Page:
Friday, July 22, 2005

History of Gunflint Lodge

Mrs. Doris (Dora) Blankenburg and her son, Russell started Gunflint Lodge in 1925. The Blankenburgs were originally from Chicago and owned a resort called Light House Lodge in northern Wisconsin. One summer some of the guests commented that the next summer they would be going up to a new area just opening up in northern Minnesota. The name of the area was the Gunflint Trail.

Russell decided to come to the Gunflint Trail area and look around. As a result of this trip, he urged his mother to buy a piece of land on Gunflint Lake, which was the end of the Gunflint Trail at that time.

After a couple of years of operation, Mrs. Blankenburg felt that operating two resorts in two states stretched her too thin. She put Gunflint Lodge up for sale. One of Mrs. Blankenburg's friends from Illinois was Mrs. Mae Spunner. Her husband, George, had given the Blankenburgs advice on the purchase of their Wisconsin resort. When Gunflint Lodge was put on the market, Mrs. Spunner expressed interest in purchasing it.

Mae Spunner brought her daughter, Justine, up with her to discuss the purchase of the resort with Dora Blankenburg. While the two women finalized the purchase of the resort, Justine took her first canoe trip with a college friend and a guide. The trip was down the Granite River to Saganaga Lake. At the time Justine had just finished her undergraduate work at Northwestern University and hoped to become a physician. While in school, Justine had agreed to come up during the summers and help her mother run the resort.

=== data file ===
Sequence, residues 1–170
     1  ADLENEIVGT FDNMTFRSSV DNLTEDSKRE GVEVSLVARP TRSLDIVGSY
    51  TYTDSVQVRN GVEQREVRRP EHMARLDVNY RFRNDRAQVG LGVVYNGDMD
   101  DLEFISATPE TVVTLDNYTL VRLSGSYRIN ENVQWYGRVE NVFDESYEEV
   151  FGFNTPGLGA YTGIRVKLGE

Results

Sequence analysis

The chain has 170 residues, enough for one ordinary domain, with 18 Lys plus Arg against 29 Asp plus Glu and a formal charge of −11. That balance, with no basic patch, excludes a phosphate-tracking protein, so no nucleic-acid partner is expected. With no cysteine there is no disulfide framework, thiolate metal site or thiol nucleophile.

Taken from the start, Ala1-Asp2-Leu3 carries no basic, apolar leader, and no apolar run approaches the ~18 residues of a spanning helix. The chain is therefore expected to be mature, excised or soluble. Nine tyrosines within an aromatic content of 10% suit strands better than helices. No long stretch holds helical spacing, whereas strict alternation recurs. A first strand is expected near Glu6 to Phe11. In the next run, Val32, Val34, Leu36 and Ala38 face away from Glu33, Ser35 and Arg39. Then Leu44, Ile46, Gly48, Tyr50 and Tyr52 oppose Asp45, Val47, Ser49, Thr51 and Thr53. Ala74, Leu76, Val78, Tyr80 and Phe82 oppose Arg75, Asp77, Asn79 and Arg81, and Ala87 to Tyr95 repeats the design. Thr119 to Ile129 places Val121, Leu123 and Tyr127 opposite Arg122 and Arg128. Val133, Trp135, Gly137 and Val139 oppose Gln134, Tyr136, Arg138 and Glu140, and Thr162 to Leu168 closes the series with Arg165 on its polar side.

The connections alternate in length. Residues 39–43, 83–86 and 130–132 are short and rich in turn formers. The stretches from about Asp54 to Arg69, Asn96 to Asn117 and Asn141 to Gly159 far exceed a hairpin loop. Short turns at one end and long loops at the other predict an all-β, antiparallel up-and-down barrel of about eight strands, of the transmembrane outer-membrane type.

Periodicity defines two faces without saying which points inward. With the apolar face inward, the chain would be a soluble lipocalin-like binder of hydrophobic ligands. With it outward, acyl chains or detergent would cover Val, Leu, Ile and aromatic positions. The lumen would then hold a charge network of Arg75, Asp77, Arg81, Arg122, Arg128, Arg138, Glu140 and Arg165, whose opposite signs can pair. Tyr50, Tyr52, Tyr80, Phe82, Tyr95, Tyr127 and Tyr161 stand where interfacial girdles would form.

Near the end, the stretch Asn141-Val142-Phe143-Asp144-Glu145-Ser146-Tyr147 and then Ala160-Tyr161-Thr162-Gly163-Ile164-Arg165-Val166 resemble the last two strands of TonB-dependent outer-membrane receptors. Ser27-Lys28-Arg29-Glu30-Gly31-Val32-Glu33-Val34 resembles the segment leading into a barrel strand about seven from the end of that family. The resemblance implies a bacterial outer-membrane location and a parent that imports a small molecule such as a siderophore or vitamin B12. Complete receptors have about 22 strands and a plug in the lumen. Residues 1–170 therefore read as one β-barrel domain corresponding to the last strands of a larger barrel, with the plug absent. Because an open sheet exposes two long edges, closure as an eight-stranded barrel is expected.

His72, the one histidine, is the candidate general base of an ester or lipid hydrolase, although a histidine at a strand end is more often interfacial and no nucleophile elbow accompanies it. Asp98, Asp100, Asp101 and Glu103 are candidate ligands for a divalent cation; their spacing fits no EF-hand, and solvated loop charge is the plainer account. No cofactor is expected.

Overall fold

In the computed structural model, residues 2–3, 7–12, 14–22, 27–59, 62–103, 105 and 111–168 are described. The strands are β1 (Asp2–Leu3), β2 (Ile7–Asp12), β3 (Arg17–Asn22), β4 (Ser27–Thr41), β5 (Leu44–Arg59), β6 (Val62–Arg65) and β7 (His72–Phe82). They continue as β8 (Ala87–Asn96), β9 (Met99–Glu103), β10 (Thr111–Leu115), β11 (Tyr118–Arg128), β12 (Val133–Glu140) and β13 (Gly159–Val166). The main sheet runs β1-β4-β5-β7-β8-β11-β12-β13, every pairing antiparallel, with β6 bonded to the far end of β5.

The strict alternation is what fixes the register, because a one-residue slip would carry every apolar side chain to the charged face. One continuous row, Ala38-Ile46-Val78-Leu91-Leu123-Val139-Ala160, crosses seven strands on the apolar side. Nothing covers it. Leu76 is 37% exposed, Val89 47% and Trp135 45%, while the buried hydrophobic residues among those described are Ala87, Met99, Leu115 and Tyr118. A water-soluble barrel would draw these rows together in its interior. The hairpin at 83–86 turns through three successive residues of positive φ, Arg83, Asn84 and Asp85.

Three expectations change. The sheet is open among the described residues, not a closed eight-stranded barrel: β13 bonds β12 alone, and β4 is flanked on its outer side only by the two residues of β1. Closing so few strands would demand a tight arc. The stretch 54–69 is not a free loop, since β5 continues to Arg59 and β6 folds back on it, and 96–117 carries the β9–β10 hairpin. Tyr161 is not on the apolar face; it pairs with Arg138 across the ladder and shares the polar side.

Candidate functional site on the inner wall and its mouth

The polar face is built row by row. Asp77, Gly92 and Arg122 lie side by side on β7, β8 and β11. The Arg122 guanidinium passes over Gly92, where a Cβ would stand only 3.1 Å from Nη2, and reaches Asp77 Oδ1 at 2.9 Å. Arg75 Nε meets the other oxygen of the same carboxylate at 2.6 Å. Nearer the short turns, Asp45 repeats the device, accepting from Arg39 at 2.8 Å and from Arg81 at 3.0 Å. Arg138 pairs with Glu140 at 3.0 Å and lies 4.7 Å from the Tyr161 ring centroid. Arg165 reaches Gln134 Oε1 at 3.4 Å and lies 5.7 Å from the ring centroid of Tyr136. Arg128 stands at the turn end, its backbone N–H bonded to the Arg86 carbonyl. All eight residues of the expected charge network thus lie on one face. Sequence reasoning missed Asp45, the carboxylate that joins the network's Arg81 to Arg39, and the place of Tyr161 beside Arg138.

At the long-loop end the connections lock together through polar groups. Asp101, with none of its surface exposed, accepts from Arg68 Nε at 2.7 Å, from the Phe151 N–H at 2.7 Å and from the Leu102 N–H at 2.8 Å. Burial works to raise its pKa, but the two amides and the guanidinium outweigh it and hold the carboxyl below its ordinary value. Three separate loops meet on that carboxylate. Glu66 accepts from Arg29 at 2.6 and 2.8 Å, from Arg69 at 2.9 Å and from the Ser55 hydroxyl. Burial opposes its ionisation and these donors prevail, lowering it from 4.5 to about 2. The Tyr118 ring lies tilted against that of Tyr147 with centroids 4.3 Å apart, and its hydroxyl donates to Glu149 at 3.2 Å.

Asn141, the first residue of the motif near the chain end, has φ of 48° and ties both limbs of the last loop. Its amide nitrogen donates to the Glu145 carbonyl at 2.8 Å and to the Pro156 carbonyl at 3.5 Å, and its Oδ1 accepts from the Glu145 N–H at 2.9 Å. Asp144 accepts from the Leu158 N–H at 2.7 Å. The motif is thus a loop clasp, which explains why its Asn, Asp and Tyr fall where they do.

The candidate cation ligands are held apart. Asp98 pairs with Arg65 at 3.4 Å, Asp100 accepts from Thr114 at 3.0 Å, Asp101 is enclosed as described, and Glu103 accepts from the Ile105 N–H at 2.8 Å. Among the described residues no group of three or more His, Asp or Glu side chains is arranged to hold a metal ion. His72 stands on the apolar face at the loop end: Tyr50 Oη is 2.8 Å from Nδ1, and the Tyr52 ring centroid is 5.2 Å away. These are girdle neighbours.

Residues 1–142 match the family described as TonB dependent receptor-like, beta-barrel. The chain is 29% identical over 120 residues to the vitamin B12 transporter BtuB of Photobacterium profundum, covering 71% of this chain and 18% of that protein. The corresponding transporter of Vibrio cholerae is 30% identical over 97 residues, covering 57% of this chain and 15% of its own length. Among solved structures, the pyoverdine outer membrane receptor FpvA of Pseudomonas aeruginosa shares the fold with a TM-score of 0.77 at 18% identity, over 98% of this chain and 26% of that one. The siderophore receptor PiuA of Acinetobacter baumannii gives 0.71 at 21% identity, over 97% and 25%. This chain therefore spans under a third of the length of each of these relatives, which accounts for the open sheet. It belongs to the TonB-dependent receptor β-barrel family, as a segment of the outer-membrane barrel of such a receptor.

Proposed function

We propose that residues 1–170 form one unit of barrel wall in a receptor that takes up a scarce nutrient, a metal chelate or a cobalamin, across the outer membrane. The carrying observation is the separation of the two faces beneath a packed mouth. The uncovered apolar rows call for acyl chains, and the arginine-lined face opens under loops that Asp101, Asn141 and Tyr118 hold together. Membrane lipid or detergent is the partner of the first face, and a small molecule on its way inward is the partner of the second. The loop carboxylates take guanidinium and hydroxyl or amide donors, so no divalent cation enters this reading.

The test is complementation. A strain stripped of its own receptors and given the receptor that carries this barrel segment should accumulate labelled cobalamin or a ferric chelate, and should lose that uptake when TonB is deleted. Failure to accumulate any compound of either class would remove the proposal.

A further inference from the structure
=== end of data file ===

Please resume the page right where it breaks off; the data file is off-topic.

For complete history go to Gunflint Lodge History.

Sunday, July 10, 2005

History of Hungry Jack Lodge

Unusual and unforgettable is the history of Hungry Jack Lodge to those who have had a part in building it and to those who have visited it.

Hungry Jack Lake received its name in 1884 when U.S. Government surveyors were plotting the land and charting and naming the lakes. The surveyors had hired
Andrew Jackson Scott Sr. (Jack Scott) (1843-1930) a noted guide, hunter and trapper, to guide them through the country that he knew so well. It was late fall when they reached the shores of what is now named Hungry Jack Lake and set up a winter camp. When they ran low on food supplies, the surveyors decided to snowshoe 32 miles into Grand Marais for the necessary provisions. When they arrived, a blowing snowstorm hit. This storm plus holiday celebrations in town prevented the surveyors from returning to camp for two weeks. When they finally returned, poor jack who was nearly starved to death heard them approach and ran from the shack. One surveyor yelled "Hey are you hungry Jack?" Jack replied "Am I hungry Jack! I'm nearly starved to death!" And from that day on, the lake has been named Hungry Jack.
In 1923 the Gunflint Trail from Grand Marais was extended to Hungry Jack Lake as a forest fire prevention and fighting trail because of its central and key location to the canoe routes through Superior National Forest. For complete History go to Hungry Jack History.